It’s really hard to ask for what you want in sexuality and relationships if you don’t know what to ask for, or how to start the conversation.
In our sex-negative culture, what would it mean to express your authentic sexual voice?
Many people don’t know how to talk about sexuality because they have no idea what they want.
Many don’t know how to have a conversation with others because they are so confused in their conversation with themselves, stuck in self-judgment, confusion, frustration or thinking something is wrong.
My friend and colleague Amy Jo Goddard does amazing work as a sexual empowerment expert and teacher and she is hosting this webinar on 2/24 on “Finding the Sexual Voice”.
We all have a sexual voice. Some of us need to find it, some of us need to express it, some of us need to shift it so we can get more of what we want and less of what we don’t.
In this 90-min webinar, you will learn:
the difference between the internal and external sexual voice…
the top sexual stories that get people stuck…
what gets in the way of finding your true voice and inner “Yes”…
steps you can take to tap into that inner Yes…
how to bring your inner Yes into the outer world so you can get more of what you want in sex and relationships…
I support her message and I hope you will sign up and share.
TWITTER – include link to https://cc100.isrefer.com/go/voice/sbennett
.@AmyJoGoddard is teaching a webinar on 2/24: “Finding the #SexualVoice.”
How can you tap into the power of your unique #SexualVoice? A conversation with @AmyJoGoddard
It’s hard to talk about sexuality when you don’t know what you want. @AmyJoGoddard’s webinar on 2/24:
My friend & colleague @AmyJoGoddard is teaching this webinar on 2/24: Finding the #SexualVoice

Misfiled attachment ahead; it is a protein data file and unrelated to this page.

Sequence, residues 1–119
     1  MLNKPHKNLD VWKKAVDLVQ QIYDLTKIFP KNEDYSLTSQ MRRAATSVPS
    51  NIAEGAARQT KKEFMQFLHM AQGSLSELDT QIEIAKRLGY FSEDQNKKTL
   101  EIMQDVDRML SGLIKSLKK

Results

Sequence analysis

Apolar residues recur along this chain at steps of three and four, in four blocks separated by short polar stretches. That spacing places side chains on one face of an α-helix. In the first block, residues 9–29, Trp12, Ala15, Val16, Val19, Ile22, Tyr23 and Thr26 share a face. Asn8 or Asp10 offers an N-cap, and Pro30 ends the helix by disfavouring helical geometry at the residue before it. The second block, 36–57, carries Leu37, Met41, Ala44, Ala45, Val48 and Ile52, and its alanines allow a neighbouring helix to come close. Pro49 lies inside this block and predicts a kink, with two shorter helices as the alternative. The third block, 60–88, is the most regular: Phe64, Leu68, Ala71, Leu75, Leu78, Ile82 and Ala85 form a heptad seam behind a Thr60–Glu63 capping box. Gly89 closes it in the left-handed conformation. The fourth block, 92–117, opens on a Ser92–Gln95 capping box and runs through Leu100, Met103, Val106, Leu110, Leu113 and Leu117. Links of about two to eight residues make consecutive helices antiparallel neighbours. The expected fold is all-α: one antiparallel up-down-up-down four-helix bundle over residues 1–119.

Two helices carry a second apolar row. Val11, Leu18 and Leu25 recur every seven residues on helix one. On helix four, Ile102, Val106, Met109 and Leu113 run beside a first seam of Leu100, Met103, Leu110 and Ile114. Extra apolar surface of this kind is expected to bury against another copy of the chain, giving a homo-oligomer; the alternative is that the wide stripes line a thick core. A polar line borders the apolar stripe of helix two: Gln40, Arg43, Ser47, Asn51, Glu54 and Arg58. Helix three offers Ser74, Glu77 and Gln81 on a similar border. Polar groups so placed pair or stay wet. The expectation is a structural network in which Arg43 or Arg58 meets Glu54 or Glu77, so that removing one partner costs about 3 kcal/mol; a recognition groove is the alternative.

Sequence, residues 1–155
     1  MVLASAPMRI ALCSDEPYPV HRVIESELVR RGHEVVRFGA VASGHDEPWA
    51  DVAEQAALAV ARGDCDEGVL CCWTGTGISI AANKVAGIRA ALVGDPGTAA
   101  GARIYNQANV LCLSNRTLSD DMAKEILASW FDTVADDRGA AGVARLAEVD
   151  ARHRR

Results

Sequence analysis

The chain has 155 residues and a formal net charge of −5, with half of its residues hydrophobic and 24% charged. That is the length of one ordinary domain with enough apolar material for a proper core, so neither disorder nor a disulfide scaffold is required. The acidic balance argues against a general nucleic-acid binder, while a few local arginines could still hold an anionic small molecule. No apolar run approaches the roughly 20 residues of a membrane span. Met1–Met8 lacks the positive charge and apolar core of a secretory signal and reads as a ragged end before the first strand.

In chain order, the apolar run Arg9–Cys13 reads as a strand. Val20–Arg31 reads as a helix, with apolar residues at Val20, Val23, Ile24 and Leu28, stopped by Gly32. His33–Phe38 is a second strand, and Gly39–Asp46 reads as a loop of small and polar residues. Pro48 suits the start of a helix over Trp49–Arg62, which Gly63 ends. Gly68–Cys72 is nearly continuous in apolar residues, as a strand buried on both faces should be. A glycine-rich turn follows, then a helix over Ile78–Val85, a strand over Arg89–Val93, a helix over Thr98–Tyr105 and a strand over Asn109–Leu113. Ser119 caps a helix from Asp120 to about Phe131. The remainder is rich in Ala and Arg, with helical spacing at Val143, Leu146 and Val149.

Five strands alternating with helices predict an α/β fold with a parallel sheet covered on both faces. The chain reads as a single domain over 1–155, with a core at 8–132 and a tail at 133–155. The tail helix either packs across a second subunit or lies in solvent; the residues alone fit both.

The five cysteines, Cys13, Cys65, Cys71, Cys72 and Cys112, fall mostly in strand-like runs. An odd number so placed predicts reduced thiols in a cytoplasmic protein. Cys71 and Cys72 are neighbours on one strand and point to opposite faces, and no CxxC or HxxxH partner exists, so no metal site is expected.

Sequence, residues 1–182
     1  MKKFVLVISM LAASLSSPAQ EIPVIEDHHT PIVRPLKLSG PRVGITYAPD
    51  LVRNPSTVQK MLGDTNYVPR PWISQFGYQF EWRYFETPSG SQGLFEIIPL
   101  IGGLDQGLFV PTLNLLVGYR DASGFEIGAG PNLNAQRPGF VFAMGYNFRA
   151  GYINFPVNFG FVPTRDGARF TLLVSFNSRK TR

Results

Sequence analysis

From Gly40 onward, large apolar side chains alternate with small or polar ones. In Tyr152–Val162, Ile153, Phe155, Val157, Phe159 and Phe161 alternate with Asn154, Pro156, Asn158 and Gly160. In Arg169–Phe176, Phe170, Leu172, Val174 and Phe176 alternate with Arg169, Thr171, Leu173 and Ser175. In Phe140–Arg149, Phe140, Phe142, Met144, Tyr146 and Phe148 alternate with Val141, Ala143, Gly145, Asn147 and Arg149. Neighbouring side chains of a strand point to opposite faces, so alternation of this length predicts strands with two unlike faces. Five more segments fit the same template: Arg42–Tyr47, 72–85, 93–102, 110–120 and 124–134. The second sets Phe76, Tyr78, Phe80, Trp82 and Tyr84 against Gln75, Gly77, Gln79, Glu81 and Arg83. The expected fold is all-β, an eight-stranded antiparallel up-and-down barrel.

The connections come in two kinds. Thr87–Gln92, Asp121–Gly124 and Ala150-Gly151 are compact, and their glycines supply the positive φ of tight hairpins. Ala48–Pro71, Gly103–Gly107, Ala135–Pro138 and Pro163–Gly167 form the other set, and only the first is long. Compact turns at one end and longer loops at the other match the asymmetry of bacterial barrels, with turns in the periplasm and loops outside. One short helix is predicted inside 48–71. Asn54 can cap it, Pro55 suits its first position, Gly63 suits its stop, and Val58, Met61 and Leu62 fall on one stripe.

.@amyjogoddard is on a mission to banish sexual voicelessness — please join!
Guess what? It’s okay to have some positive thoughts about yourself.
Many of us were raised in intellectual households, where if you couldn’t prove your point, well, you were just being delusional. I’m asking you to be a little delusional. You may be reluctant to think nice thoughts about yourself. I understand. You may feel that your negative thoughts “keep you in line” and you don’t want to “get a big head.”
Darling, you will not get a big head. I promise.
EXERCISE: TEN NICE THINGS
Step 1. Write Down Ten Successes, Wins, or Blessings from the Past Year.
Grab a pen and write down ten good things that have happened in the past twelve months. It’s time to give those chattering critical voices in your head a rest. It’s time to change the tape. It’s time to accentuate the positive.
If it doesn’t work, no worries — you can always go back to thinking negatively any time you’d like.
(“I paid off all my credit cards” or “I learned how to cook a perfect roast chicken”), things that happened to you (“My cousin gave me that wonderful birthday present” or “I got asked to perform the solo”), things that happened around you (“There is some jasmine growing right next to my bedroom window, and it smells heavenly” or “Those noisy neighbors finally moved away”) or (most likely) some combination of the above.
Don’t have a contest with yourself about the “best” things that happened to you; just list some things that, when you reread the list, make you nod and smile to yourself and think, “Yep. That’s pretty good.”
Step 2. Write Down Ten Nice Things about Yourself.